By Anita Keys

Los Angeles is among the youngest of the world's major cities, a place where the urban landscape is continually undergoing change. Still, even within its relatively brief life, the city has accumulated history, a history that has produced a wide variety of landmarks—from the whimsical to the sublime to the abstractly futuristic.

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For several years now, the Getty Conservation Institute has been interested in learning more about Los Angeles landmarks. "Part of our mandate is the preservation of cultural monuments as defined by the community in which they exist," explains Miguel Angel Corzo, Director of the GCI. "If we are to help preserve the heritage of Los Angeles, our home community, we need to know as much as we can about attitudes of people in Los Angeles regarding landmarks. How do they define them? Do they provide the community with a sense of identity or belonging? Do the various ethnic communities that make up this city agree on what constitutes a landmark? Has the city's changing demographic profile altered the function or importance of particular landmarks?"


1. A marker indicating a boundary line.

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In 1992 the GCI conducted an extensive study of the city's landmarks, their relationship to the city's history, and their use by the people of Los Angeles. Among other findings, the report indicated that the city's cultural diversity was not a significant factor in the designation of landmarks. "One of the things the 1992 study showed us is that many groups traditionally have been underrepresented in the city's official landmark programs," observes Mahasti Afshar, Program Research Associate at the GCI. "Ethnic minorities and youth are an important part of the picture of Los Angeles, and yet we are totally in the dark as to how they relate to the city's cultural landmarks."

In light of this, the idea arose to gather together a group of ethnically diverse youths in order to learn more about different viewpoints on what constitutes a landmark. "Specifically, we thought that asking a group of young people to photograph sites they considered to be landmarks would give us an insight into values that haven't yet been recognized or documented," says Mr. Corzo.

2. A building or site having historical significance.

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From this idea, the Picture L.A. project was born. Award-winning Los Angeles photographer Lauren Greenfield was asked to organize the photographic project. Through referrals from school art programs and community centers, Ms. Greenfield—whose photographic assignments have ranged from Indian village life in Chiapas, Mexico, to contemporary French aristocracy—selected youths from diverse cultural and geographic backgrounds. (see below) Interest and motivation weighed as heavily in the selection process as prior photographic experience—and these traits proved strong in the participants. All eight who began the project successfully stayed with it.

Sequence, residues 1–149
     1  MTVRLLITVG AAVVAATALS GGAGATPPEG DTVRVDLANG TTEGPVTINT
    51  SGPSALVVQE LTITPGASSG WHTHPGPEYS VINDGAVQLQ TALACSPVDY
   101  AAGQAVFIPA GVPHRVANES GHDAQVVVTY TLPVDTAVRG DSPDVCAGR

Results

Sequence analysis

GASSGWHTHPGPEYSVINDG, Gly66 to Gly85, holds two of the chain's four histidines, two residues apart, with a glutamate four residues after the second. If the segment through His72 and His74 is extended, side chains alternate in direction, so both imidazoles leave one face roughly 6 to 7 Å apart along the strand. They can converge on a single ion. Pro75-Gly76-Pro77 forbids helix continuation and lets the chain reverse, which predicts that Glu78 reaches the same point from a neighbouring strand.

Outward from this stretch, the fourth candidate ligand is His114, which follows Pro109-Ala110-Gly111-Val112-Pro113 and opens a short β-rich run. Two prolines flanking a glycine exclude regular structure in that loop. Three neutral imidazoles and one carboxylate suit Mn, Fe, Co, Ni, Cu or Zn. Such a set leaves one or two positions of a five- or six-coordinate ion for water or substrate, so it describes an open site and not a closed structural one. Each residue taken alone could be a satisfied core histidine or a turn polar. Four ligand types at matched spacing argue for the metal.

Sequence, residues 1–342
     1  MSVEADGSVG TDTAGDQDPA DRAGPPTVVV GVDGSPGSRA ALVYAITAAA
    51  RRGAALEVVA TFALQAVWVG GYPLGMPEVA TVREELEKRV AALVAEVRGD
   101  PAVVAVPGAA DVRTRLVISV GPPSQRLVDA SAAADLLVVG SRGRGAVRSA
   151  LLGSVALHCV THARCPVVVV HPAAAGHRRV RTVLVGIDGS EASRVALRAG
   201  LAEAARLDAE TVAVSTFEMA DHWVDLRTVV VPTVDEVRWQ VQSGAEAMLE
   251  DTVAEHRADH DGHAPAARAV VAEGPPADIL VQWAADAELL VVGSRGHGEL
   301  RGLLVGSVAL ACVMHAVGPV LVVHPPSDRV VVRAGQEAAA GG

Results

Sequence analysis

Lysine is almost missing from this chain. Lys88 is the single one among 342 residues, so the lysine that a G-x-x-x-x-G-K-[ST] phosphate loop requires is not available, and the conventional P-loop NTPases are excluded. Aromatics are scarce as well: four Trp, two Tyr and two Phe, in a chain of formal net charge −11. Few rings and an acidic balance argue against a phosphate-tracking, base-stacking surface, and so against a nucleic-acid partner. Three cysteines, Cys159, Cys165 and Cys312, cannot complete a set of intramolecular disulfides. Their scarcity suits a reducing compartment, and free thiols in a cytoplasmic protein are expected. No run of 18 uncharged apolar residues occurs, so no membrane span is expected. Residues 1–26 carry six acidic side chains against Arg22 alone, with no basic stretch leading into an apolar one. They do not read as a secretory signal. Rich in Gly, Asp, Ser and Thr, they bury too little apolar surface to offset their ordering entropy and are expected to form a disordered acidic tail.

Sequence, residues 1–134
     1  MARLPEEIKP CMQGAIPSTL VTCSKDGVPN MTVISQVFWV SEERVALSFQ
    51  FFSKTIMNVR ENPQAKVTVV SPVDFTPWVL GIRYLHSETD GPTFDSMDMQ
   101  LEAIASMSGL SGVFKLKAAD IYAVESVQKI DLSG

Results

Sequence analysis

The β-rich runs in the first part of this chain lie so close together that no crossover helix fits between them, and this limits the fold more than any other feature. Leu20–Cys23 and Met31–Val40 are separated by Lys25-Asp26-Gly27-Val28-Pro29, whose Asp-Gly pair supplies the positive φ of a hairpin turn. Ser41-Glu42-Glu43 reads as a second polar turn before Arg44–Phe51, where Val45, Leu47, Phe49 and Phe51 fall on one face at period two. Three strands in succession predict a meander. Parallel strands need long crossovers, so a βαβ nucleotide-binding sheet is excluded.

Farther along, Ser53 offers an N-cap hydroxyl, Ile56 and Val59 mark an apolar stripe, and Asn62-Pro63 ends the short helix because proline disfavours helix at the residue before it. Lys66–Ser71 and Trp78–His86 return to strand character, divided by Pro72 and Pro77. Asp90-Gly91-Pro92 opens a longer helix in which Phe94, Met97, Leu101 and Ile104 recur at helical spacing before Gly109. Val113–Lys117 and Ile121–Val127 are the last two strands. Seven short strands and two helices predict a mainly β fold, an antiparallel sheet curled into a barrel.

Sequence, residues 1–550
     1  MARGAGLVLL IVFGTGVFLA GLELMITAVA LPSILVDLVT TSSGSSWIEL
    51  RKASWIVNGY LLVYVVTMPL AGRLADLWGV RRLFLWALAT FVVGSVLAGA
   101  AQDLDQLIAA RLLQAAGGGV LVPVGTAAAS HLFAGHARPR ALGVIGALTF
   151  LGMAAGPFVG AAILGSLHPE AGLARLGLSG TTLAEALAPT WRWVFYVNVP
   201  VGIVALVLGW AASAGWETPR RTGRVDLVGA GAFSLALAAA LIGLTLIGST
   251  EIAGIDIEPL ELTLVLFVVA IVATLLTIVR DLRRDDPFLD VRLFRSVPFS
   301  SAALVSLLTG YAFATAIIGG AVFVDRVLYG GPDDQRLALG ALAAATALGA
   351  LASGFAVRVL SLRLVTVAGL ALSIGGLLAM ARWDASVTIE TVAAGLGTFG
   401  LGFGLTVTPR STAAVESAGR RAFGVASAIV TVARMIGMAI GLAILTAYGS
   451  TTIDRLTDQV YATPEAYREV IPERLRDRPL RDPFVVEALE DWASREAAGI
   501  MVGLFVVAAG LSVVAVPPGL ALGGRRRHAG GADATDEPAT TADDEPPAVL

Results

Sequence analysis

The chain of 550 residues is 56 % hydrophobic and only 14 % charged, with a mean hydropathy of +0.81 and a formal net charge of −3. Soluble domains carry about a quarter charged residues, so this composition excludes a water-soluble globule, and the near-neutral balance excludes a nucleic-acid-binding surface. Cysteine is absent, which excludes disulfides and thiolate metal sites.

During the three-month shooting period, the project's young participants went into their own communities photographing personally significant social and architectural landmarks. Though supervised by Ms. Greenfield or one of her assistants, they chose their own subjects and perspectives. Each developed such individuality that, in Ms. Greenfield's words, "by the end of the project, we could tell an Abbey print from a Younghee print from a Daniel print. That says a lot about how developed their visions became and how honestly they were looking at the world around them."

3. A prominent and identifying feature of a landscape, distinguishing a locality.

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Group field trips were taken to the Getty Center under construction, Watts Towers, Hollywood, Sunset Boulevard, Beverly Hills, and downtown Los Angeles. Two group meetings also were held at the Conservation Institute, one at the beginning of the project, another at a final session during which participants reviewed one another's photographic work.

In the sites chosen and the relationship revealed between the social landscape and the physical environment, the black-and-white photographs provide a striking vision of Los Angeles. Crenshaw Boulevard, for example, is portrayed in the close-up of a lowrider; Sunset Boulevard is identified by movie billboards merging with the lush vegetation or by a swimmer creating graphic patterns in the pool at the Chateau Marmont; devastation after the Malibu fire is contrasted with the exuberance of an eight-year-old pedaling his toy tractor.